Quad.
MENSA - Middle Kingdom, 7
p.m., 332 S. Main.
Adult children of alcoholic parents
- Student Counseling Services,
10:30 a.m.
Dissertation Support Group - 8:30
a.m., room 3100, Union.
Ensian Yearbook - 7 p.m.,
Student Publications Bldg.
Tae Kwon Do Club - Practice, 6
p.m., room 2275, CCRB.
Science Fiction Club - Stilyagi
Air Corps, 8:15 p.m., League.
Michigan Gay Union - 9 p.m., 802
Monroe.
Furthermore
Visual (Full-Screen) Editing -
Computing course, 3 p.m. or 5 p.m.,
room 1013, NUBS.
Basic Christianity - University
Christian Outreach course, 7:30
p.m., cafeteria, South Quad.
Preparing for Medical School -
Career Planning and Placement
course, 4:10 p.m.
Appearing Qualified Through
Your Resume - Career Planning
and Placement course, 4:10 p.m.
Interviewing Lecture - Career
Planning and Placement course,
6:10 p.m., room 35, Angell Hall.
On-Campus Recruiting Discussion
- Career Planning and Placement,
12:1p.m.
Hewlett Packard - Society of
Women Engineers pre-interview
meeting, 8:30 a.m., room 3046, E.
Engineering Bldg.
Communication and Listening
Skills - SODC workshop, 6:30 p.m.
Anarchism - Free University
course, 8 p.m., rooms 24-26 Tyler,
East Quad.
Environmental Issues - Free
University course, 7 p.m., room
1046, School of Natural Resources.
Beans and Rice dinner - Guild
House, 6 p.m., 802 Monroe.
Personal Line Telephone -
Telecommunications seminar, 8:15,
9:30, or 11 a.m., Plant Bldg. A, Art &
Arch.; noon, room 2104, Lecture
Hall.
Safety Class for new shop users,
session I - Student Wood & Craft
Shop, 3 p.m.
Beginning and intermediate cross-
country ski lessons - Recreational
Sports, 7:30 p.m., Mitchell Field.

Holy Communion - Wesley Foun-
dation, 9:30 p.m., 602 E. Huron.
Buffet - 11:30 a.m., University
Club.

By TIM DALY
The University residence hall
system's alcohol policy will not
change until at least the spring of
1986, according to a University housing
official.
"We're in the midst of a lease con-
tract," said John Heidke, associate
director for housing education, adding
that changing the policy in mid-year
would violate dorm leases. "We can't
change the game plan in the middle of
the year."
The new policy will not contain any
major changes, Heidke said. "The
purpose of the new policy will be to
establish consistency across the en-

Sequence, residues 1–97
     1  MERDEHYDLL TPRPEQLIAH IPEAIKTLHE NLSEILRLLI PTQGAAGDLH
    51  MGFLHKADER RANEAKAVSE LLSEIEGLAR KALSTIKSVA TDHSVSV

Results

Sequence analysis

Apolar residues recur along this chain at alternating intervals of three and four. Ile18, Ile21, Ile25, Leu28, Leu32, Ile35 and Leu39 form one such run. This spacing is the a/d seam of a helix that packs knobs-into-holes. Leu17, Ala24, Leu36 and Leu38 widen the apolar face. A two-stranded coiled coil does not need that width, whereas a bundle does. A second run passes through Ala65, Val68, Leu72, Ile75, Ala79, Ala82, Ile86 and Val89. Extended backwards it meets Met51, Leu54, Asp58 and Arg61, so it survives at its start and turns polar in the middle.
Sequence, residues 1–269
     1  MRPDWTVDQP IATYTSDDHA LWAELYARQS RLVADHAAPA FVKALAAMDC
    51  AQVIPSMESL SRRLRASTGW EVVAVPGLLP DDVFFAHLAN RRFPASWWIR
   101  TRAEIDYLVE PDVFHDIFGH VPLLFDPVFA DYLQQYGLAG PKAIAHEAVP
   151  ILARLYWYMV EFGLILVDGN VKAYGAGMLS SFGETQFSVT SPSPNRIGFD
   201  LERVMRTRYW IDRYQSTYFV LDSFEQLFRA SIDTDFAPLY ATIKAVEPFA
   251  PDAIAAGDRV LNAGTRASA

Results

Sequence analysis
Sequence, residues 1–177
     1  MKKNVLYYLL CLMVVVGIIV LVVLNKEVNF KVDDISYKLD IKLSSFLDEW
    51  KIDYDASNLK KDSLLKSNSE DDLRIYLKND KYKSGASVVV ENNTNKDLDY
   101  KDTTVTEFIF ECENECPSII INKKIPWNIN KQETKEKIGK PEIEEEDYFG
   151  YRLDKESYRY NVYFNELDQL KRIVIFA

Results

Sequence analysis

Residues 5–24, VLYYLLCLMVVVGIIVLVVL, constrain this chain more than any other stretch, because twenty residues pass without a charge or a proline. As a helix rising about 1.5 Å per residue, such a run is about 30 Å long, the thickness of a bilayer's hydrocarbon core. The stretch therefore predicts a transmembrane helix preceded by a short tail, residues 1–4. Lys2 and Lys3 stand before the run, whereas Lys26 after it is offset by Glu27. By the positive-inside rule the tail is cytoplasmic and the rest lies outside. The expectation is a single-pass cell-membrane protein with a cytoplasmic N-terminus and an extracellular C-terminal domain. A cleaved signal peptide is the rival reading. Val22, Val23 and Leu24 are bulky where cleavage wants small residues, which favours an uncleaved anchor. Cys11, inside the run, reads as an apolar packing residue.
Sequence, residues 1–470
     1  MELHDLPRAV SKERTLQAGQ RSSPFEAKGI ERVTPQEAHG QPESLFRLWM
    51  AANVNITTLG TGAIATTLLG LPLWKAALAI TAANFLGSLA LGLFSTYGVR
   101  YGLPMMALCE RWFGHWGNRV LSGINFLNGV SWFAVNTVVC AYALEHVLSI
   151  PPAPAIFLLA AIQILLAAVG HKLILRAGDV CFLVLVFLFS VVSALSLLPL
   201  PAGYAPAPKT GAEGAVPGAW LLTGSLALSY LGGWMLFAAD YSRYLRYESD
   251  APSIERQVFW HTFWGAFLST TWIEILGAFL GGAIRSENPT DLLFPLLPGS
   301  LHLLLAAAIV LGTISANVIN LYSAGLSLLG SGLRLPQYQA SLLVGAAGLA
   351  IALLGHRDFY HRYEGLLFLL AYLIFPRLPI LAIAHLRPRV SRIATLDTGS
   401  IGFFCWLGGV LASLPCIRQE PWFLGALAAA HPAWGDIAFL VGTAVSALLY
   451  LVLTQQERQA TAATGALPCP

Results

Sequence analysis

tire housing division."

Earlier this month an alcohol study
group recommended that the "no
kegs" policy instituted at Couzens
Hall last September be either accep-
ted or rejected for the entire dorm
system.
The current alcohol policy, adopted
in January, 1984, states that no con-
sumption of alcohol is permitted in
any public area of the residence halls
and that the state's legal drinking age
of 21 is applicable to dorm residents.
The policy does not mention kegs.
Marvin Parnes, assistant director
of residence education, said that the
attention being given to keg policy is a
"distortion" because kegs are just on
one part of the entire alcohol policy.

Parnes, a member of the alcohol
study group, said that educating
students about the alcohol policy is
more important. "The current policy
is very good, but it needs to be inter-
preted more clearly to students."
Jan Kralovec, alcohol-health
educator and a member of the alcohol
study group, said that alcohol-related
problems in residence halls can be
reduced through an increase in
resident staff education.
"The resident staff should be more
aware of the symptoms of alcoholism.
Members of the resident staff should
intervene when a student is having a
problem," Kralovec said.
Kralovec believes that alcohol

education in the resident halls should
be improved under the new policy.
"Currently, each resident hall spon-
sors its own educational program.
Hopefully, in the future, staff mem-
bers from all resident halls will work
together to come up with a single
program for the entire dorm system."
Parnes emphasized the importance
of the resident staff in formulating
alcohol policy. "The resident advisors
and resident directors are very im-
portant in helping us understand what